Ok so the iPad 2020, aka the iPad 8, isn’t really a laptop. But at a starting price of $329 it can be equipped with an optional $159 Apple Smart Keyboard, that turns the tablet into a form of hybrid laptop for under $500. In that way, it’s a little like the Microsoft Surface Go.
If you need to do some email work, draft up a word document, or do some light photo and video editing, the new standard iPad is reasonably capable. Granted it’s not a powerhouse machine but few laptops on this list are. And while iPadOS has its limitations, it’s still capable of getting through a good suite of everyday tasks. And then you’ve got the rich curated ecosystem of apps to pick from in the Apple App Store, making the basic iPad a solid device for light work and serious play. As a secondary device, we can thoroughly recommend giving the new iPad some consideration, even if it looks a little dated compared to the new and more expensive iPad Air 4.
It’s not going to win any prizes for its looks with huge-for-2020 display bezels, but at $239 the HP Chromebook 11 is very cheap. This makes it an ideal machine to take on precarious backpacking trips, take out into in-the-field work, or give to your kids as their first foray into computing.
The function over form aesthetic in Ash Gray is fine though, as it allows the HP Chromebook 11 to come with a couple of UBC Type-A ports, as well as two USB-C ports and an micro SD card reader - not bad for a Chromebook. The display, with its resolution of 1366 x 768, isn’t going to wow any eyeballs, But that means the Intel Celeron N3350 CPU and 4GB of RAM won’t be too pushed to run apps at this resolution. 32GB of eMMC storage isn’t going to impress either, but thanks to Chrome OS, a huge amount of onboard storage isn’t essential for such a machine. So this is basically a bargain bucket Chromebook for you to either pass on to your kids or use as a secondary or even tertiary device.
How to choose the best laptop under $500 for you
It can be tricky to weigh up how much one can expect from a laptop that costs less than $500. You’re not going to get bleeding-edge performance or a super premium design. And you might have to make a few compromises on the display, such as how well it handles colors and how bright gets. But that doesn’t mean you have to make do with a laptop that feels cheap; rather, you’re looking for one that's affordable. So here are a few things to keep in mind when shopping for a laptop under $500.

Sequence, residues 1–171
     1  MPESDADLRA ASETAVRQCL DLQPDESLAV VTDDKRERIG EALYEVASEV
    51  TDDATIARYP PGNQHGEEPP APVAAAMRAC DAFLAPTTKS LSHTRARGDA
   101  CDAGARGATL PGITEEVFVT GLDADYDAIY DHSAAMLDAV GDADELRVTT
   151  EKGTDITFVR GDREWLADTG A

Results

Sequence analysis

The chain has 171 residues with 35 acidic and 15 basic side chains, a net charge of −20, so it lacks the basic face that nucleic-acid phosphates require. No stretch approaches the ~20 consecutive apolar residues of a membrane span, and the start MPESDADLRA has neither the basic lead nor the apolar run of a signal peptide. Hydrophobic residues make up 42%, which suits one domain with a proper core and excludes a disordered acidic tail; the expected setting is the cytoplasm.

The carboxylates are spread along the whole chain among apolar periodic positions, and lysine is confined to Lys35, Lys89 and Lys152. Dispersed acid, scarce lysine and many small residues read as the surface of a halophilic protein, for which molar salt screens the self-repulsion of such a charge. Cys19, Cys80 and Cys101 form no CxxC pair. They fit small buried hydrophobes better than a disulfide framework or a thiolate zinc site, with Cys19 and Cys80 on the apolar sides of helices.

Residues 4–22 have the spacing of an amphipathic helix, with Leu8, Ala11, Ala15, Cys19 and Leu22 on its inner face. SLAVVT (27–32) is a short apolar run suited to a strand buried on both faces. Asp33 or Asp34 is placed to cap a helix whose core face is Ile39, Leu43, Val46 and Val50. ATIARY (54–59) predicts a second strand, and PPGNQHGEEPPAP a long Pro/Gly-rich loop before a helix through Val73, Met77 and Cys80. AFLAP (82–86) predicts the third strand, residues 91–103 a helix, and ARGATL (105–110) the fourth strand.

Chrome or Windows? With $500 or less, you’re limited to getting a new Windows 10 or Chrome OS machine, as even the cheapest MacBook Air 2020 will be way out of your price range. As such you’ll need to decide whether a Windows laptop or Chromebook better fits your needs.
Chrome OS offers a lightweight operating system that will run on even the most basic hardware, yet still offers a comprehensive suite of abilities and web-based apps to get a lot of day-to-day computing tasks done. Furthermore, it now supports Android apps.
Window 10, on the other hand, requires a little more power to ensure it runs smoothly. But it supports a huge range of software, far more than Chrome OS can currently dream of. And Windows 10 is being improved upon at a regular basis meaning you’ll be able to get the best software Microsoft can offer years after you’ve bought your laptop.
Clamshell or convertible: Sub-$500 laptops generally come in two varieties -- traditional clamshell laptops or dynamic 2-in-1 convertibles. Clamshells are usually the cheaper of the bunch, and provide a traditional laptop experience with a keyboard and a non-touch screen. But if you want a touchscreen device that can also double as a tablet, convertibles (or detachables, like the Surface Go), are worth considering.
Don't settle for less than 1080p: Unless you're truly strapped for cash, you shouldn't settle for most laptops with a 1366 x 768 display. Plenty of affordable notebooks start with a display resolution of 1080p, which will make a big difference when it comes to streaming Netflix shows or working on Word documents for hours on end.